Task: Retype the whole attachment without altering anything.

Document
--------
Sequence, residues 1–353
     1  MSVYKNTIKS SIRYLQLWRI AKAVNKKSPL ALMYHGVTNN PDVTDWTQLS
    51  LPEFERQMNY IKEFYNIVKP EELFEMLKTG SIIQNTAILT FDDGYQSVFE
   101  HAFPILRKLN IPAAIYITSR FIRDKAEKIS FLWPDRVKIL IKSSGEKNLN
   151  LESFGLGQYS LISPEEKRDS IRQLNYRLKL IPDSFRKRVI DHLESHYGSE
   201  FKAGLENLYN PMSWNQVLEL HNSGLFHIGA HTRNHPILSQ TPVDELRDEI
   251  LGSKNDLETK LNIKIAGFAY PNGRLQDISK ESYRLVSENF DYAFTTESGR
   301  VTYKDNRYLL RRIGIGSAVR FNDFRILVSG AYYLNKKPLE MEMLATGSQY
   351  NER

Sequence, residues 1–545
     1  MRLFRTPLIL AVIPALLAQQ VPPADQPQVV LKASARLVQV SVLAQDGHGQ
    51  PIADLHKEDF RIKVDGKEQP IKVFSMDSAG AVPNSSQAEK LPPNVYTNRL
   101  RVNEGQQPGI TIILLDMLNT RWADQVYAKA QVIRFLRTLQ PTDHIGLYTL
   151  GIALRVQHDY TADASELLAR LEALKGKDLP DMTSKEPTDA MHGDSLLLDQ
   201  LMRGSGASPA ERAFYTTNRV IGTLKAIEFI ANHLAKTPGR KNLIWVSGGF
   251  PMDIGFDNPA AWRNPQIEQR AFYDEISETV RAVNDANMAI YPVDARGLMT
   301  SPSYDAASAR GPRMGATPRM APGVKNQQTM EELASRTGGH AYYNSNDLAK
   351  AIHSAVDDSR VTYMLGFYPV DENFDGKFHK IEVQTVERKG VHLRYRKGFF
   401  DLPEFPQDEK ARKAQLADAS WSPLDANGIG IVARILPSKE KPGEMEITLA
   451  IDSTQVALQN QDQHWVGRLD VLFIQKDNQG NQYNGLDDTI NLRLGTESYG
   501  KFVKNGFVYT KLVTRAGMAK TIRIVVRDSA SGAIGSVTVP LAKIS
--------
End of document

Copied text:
Sequence, residues 1–353
     1  MSVYKNTIKS SIRYLQLWRI AKAVNKKSPL ALMYHGVTNN PDVTDWTQLS
    51  LPEFERQMNY IKEFYNIVKP EELFEMLKTG SIIQNTAILT FDDGYQSVFE
   101  HAFPILRKLN IPAAIYITSR FIRDKAEKIS FLWPDRVKIL IKSSGEKNLN
   151  LESFGLGQYS LISPEEKRDS IRQLNYRLKL IPDSFRKRVI DHLESHYGSE
   201  FKAGLENLYN PMSWNQVLEL HNSGLFHIGA HTRNHPILSQ TPVDELRDEI
   251  LGSKNDLETK LNIKIAGFAY PNGRLQDISK ESYRLVSENF DYAFTTESGR
   301  VTYKDNRYLL RRIGIGSAVR FNDFRILVSG AYYLNKKPLE MEMLATGSQY
   351  NER

Sequence, residues 1–545
     1  MRLFRTPLIL AVIPALLAQQ VPPADQPQVV LKASARLVQV SVLAQDGHGQ
    51  PIADLHKEDF RIKVDGKEQP IKVFSMDSAG AVPNSSQAEK LPPNVYTNRL
   101  RVNEGQQPGI TIILLDMLNT RWADQVYAKA QVIRFLRTLQ PTDHIGLYTL
   151  GIALRVQHDY TADASELLAR LEALKGKDLP DMTSKEPTDA MHGDSLLLDQ
   201  LMRGSGASPA ERAFYTTNRV IGTLKAIEFI ANHLAKTPGR KNLIWVSGGF
   251  PMDIGFDNPA AWRNPQIEQR AFYDEISETV RAVNDANMAI YPVDARGLMT
   301  SPSYDAASAR GPRMGATPRM APGVKNQQTM EELASRTGGH AYYNSNDLAK
   351  AIHSAVDDSR VTYMLGFYPV DENFDGKFHK IEVQTVERKG VHLRYRKGFF
   401  DLPEFPQDEK ARKAQLADAS WSPLDANGIG IVARILPSKE KPGEMEITLA
   451  IDSTQVALQN QDQHWVGRLD VLFIQKDNQG NQYNGLDDTI NLRLGTESYG
   501  KFVKNGFVYT KLVTRAGMAK TIRIVVRDSA SGAIGSVTVP LAKIS